‘Ungrounded’ attacks on Hong Kong’s judiciary are a threat to the city’s rule of law, say legal experts
Senior Counsel Paul Lam said there was risk people may lose confidence in Hong Kong’s courts and an urgent need for professional bodies to address these concerns
Two leading legal professionals have defended the court judgement which sent three Hong Kong pro-democracy student leaders to jail, saying the “ungrounded” attacks on the judiciary would undermine the city’s rule of law.
Senior Counsel Paul Lam Ting-kwok, chairman of the Hong Kong Bar Association, also explained why his group, in a rare move, issued a joint statement with the Law Society last week to hit out at media for suggesting there were political motives behind the six to eight month jail terms for Joshua Wong Chi-fung, Nathan Law Kwun-chung and Alex Chow Yong-kang.
“Many people have suggested the judiciary has already lost its independence and that the court has succumbed to the pressure from the central government ... they have cast doubts on the integrity of the judges,” Lam told Commercial Radio on Saturday morning.
“But how much do these subjective suspicions reflect the objective reality?”
He said there was an urgent need for the professional bodies to address the concern as such criticism could harm the city’s rule of law, with people losing confidence in or respect for the courts.
Hong Kong might be caught up in a self-fulfilling prophecy following the repetition of untrue statements on the city’s judicial independence, Lam said.
In the 64-page judgment handed down last week, Court of Appeal vice-president Wally Yeung Chun-kuen slammed the “unhealthy trend” in which intellectuals advocated the idea of civil disobedience, a comment critics slammed as conservative.
Occupy movement co-founder Benny Tai Yiu-ting, a legal academic at University of Hong Kong, cited a comment made by British judge Lord Hoffmann in 2006, which said civil disobedience movements on conscientious grounds had a long and honourable history and it was the mark of a civilised community to accommodate protests of this kind.
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But Lam argued Lord Hoffmann, a non-permanent judge of the city’s Court of Final Appeal, has also set out conditions on civil disobedience movements – such as that the acts should be proportional and should not create inconvenience or inflict harm on others.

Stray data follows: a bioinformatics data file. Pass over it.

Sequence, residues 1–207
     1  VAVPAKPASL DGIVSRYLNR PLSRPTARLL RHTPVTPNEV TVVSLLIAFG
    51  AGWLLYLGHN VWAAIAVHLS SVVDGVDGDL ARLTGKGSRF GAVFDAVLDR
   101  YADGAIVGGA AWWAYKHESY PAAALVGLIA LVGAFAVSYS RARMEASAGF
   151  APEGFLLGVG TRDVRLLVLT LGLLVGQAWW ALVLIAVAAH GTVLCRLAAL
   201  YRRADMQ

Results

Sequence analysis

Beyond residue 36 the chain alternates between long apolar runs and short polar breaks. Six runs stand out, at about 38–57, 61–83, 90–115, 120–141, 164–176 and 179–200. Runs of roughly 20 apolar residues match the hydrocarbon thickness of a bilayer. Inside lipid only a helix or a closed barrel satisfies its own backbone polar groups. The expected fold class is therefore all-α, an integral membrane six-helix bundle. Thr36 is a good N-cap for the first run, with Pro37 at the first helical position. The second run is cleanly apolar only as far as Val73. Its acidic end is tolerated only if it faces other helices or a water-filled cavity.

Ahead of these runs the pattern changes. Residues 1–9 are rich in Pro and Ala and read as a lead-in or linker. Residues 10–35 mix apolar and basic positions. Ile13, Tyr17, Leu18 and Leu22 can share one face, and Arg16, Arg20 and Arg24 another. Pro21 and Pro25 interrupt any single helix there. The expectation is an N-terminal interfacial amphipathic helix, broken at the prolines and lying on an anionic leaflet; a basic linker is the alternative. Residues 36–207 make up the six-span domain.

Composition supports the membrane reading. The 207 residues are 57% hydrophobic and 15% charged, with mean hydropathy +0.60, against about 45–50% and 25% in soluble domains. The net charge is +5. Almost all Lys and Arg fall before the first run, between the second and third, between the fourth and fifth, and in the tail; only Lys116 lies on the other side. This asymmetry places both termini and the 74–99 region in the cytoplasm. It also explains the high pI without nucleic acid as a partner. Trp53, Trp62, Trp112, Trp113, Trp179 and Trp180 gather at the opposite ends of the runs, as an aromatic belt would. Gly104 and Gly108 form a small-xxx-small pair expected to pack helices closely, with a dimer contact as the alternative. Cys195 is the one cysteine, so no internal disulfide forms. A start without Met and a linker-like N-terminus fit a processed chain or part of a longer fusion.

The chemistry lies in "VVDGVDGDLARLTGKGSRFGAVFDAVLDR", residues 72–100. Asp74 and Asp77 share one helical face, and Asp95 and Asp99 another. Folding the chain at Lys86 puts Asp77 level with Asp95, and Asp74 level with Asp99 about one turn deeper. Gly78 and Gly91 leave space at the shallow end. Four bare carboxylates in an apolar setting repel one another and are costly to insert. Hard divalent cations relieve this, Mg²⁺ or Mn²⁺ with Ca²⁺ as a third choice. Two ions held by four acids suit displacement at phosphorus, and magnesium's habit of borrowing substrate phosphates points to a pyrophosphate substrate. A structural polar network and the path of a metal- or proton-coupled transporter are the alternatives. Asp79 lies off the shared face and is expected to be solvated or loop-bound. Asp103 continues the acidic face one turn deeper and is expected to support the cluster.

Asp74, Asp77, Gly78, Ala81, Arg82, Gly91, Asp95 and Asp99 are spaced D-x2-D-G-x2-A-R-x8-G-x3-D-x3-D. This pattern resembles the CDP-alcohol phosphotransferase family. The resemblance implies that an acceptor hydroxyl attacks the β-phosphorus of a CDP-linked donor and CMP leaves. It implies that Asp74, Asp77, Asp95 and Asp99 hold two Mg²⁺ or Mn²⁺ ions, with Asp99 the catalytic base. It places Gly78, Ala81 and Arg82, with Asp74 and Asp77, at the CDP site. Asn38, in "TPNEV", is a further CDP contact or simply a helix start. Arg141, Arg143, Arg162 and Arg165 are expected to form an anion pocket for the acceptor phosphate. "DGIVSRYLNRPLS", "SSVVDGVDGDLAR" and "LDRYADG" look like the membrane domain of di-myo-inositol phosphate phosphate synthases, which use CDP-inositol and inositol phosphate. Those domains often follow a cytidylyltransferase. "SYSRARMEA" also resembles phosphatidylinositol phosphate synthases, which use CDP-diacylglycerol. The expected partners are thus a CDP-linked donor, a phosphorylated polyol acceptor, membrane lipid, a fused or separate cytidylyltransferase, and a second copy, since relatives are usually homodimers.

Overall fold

Civil disobedience could be a considerable factor in mitigation but one would not be ruled innocent because of this, Lam said.
He also dismissed suggestions that the court had ignored the motives of the Occupy trio.
Lam’s views were joined by his predecessor Winnie Tam Wan-chi, who called on public to respect the judiciary.
The government prosecutors were accused of launching a “political persecution” on the Occupy trio by asking for stiffer sentences from the Court of Appeal, after the magistrate gave them suspended jail terms or community service orders.
Tam said the magistrates, the lowest tier of the judiciary, were under immense pressure following the Occupy movement in 2014, as they were not used to handling such highly controversial and political cases and that there were also insufficient guidance from higher courts.
“It is understandable ... for the Department of Justice to take this suitable chance to ask for guidance from the higher court [in handling such cases],” Tam, the former chairwoman of Bar Association, told RTHK on a separate radio show.
Executive Council convenor Bernard Chan said there will always be opposition to court rulings when asked how would he interpret last Sunday’s protest, in which thousands of people took to the street to oppose the recent jail sentences for political activists.
Speaking on a radio programme on Saturday, Chan said the city’s judicial system was good enough and the public should treasure it, as those who do not agree with a court’s ruling have scope to appeal.
“If people don’t believe in the system, I don’t know what will satisfy them,” Chan said.
Additional reporting by Yupina Ng